Two varieties of these dreams are recognized. In one form the relative appears as living, and then it is realized that the person is dead. Some wonder is created, but not marked. In the second class, there is a dream that a relative has died, causing pronounced unrest which often lasts into the waking state. In most dreams of this nature the dreamt-of person is actually dead, but in some instances living.
This dream is explained by Ellis1 as the flowing together of two groups of reminiscences which create a confusion. "Thus two streams of images flow into sleeping consciousness, the one representing the friend as alive, the other as dead. The first stream comes from older and richer sources; the second is more poignant, but also more recent and more easily exhausted. The two streams break against each other in restless conflict, both, from the inevitable conditions of dream life, being accepted as true, and they eventually mix to form an absurd harmony, in which the older and stronger images (in accordance with that recognized tendency for old psychic impressions generally to be the most stable) predominate over those that are more recent. . . . The dreamer, in the cases I am here concerned with, sees an image of the dead person as alive, and is therefore compelled to invent a theory to account for this image; the theories that most easily suggest themselves are either that the dead person has never really died, or that he has come back from the dead for a brief space. The mental and emotional conflict which such dreams involve renders them very vivid. They make a profound impression even after awakening, and for some sensitive persons are almost too sacred to speak of,"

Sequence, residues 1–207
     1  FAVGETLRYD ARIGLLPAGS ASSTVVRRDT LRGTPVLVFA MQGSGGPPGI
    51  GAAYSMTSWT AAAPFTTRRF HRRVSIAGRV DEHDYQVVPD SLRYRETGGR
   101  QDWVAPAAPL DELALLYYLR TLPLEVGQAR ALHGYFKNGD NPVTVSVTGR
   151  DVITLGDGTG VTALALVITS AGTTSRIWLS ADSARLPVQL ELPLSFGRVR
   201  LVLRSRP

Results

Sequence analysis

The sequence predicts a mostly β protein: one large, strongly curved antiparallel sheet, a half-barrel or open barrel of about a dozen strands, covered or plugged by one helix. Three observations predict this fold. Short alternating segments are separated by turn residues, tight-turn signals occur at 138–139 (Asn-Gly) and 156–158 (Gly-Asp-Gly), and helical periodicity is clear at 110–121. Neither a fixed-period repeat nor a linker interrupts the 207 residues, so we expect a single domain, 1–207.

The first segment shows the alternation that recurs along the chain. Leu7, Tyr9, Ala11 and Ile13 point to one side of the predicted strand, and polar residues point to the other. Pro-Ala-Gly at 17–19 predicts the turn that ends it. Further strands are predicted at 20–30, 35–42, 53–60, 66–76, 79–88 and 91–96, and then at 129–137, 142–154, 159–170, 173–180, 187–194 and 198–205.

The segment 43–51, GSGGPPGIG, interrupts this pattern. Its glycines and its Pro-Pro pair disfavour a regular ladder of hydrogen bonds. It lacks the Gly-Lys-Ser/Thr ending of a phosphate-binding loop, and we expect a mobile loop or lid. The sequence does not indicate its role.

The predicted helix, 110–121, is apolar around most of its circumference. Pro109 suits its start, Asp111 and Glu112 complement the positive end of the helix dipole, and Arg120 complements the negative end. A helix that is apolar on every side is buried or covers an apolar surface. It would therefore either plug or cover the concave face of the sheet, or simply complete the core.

1 Op. cit., pp. 204-205.
The Freudians1 give a rather startling interpretation of such dreams of the death of relatives as cause anxiety. Their interpretation is that such dreams indicate a wish for the death of the relative dreamt of. We may hastily state that it is not implied that the dreamer wishes the death of the relative now, but that such a wish has once been entertained, usually during childhood. Some thought of the relative during the day preceding the dream has occasioned the dream, and the dream has awakened an old wish. The anxiety is caused because the sleeping consciousness recognizes that the wish was once entertained; the wish, conflicting with the adult personality, .produces mental pain.